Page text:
While the overall Chicago industrial real estate market numbers do not look as dismal as they did for the first quarter, we are still stuck in the woods. Net absorption was not as profoundly negative for the second quarter, but year-to-date net absorption has eclipsed negative 10 million square feet, the highest in years. Vacancies are still increasing across the board: The overall Chicago industrial market vacancy rate at the end of the second quarter stood at 11.6 percent. Industrial investments sales have fallen by roughly 88 percent in Chicago, and around 80 percent nationally.
Most institutions have significantly cut the amount of capital allocated toward industrial real estate, and some fear they should exit the market entirely. The commercial real estate market is in the midst of a correction that is painful, to be sure, but a necessary step to move in the right direction. The end result of this correction will likely be a more realistic, balanced and stronger market for investment sales, but it will take time. Credit is the lubricant for the U.S. economic engine, and must be made available to credit-worthy businesses immediately if we are to see any improvement by year-end.
Through this crisis, many businesses have found that they are very capable of adjusting to the market, moving quickly and decisively to identify a property. These businesses are ready to borrow money, buy an investment and then act responsibly to pay back that loan. However, banks are so overwhelmed with toxic assets, that they are not focused on lending. Aside from the frozen credit market, no one wants to be a buyer when there is downward movement in the market; "Who wants to catch a falling knife?"
Trends affecting industrial sales
Major shifts in the industry will continue to propagate the image of a "tenant's market," and confirm the "flight to quality" mentality for investors: slow or no construction starts in key submarkets; a significant increase in short-term lease transactions; tenants receiving extraordinary terms; and tenants asking for lease negotiations before their terms are up. Of all the product that has been offered this year, the Class-A quality offerings have sparked the most interest among the limited amount of available investment capital. Investors with capital should see this down-turn as an excellent opportunity to expand and add these core assets to their existing portfolio.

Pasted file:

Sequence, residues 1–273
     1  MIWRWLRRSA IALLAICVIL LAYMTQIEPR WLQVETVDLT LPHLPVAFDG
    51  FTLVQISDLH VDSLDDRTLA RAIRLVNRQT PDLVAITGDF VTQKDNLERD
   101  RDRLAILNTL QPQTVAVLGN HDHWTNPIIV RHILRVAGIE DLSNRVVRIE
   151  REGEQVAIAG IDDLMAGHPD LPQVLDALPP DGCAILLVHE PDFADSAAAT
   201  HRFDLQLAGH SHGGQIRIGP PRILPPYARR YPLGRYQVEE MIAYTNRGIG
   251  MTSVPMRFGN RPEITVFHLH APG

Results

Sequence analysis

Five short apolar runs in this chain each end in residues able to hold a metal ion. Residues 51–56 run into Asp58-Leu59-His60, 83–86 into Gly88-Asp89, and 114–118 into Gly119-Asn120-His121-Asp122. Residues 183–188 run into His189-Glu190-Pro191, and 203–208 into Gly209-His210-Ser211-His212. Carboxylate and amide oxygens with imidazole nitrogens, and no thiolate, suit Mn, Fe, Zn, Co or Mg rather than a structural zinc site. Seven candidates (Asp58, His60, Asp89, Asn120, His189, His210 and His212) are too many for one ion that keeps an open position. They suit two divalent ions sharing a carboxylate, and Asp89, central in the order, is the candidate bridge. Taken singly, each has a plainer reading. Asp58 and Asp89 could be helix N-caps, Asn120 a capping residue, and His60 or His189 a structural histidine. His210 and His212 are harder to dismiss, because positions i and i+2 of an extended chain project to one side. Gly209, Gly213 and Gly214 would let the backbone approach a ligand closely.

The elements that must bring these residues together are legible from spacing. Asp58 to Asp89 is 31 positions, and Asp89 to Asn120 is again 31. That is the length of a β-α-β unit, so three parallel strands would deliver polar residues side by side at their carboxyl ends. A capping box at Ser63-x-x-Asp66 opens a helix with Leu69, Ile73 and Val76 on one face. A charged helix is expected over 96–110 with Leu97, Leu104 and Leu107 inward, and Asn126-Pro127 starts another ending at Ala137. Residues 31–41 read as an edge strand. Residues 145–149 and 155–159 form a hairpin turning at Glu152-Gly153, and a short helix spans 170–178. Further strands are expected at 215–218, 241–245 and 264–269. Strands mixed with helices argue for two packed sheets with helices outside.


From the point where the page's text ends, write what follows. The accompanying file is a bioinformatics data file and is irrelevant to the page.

Owners are doing all they can to retain tenants and keep their buildings occupied. Significant incentives have been extended to existing and prospective tenants, including aggressive lease rates, free rent and attractive tenant improvement packages. Much of the leasing activity taking place is opportunistic as companies capitalize on the current market conditions by negotiating favorable lease terms and achieving lower occupancy costs through lower rents and rental abatement.
Cap rates are up significantly across the board, but with trading negligible and offerings stacking up, yields have clearly not stopped rising, making it almost impossible to set a market price. Industrial cap rates are converging near 8 percent for core product, a rate that offers little to no spread above prevailing mortgage rates. More troubling, though, is the mountain of unsold property awaiting new capital. In light of this, speculative construction is at a halt as developers wait for their existing assets to be fully absorbed. "We do not expect to see new construction starts until the end of 2011 or the beginning of 2012," predicts John Cash, who heads the industrial services group at NAI Hiffman.
Given the rate at which property values are falling, we believe pricing should bottom out between the end of 2009 and mid-year 2010. An influx of private capital will follow, led by investors looking to acquire short-term in one to three years, which could also include some local industrial user-buyers who are starting to explore a purchase. Additionally, institutional owners still believe and understand industrial real estate fundamentals. We feel these buyers will enter the market by year-end. We do not expect a flood of transactions to occur in the second half of 2009. However, at some point sellers will have to capitulate and meet the current market pricing if they have not satisfied all their near-term debt obligations and want to dispose of assets.
Source: Midwest Real Estate News (July/August 2009)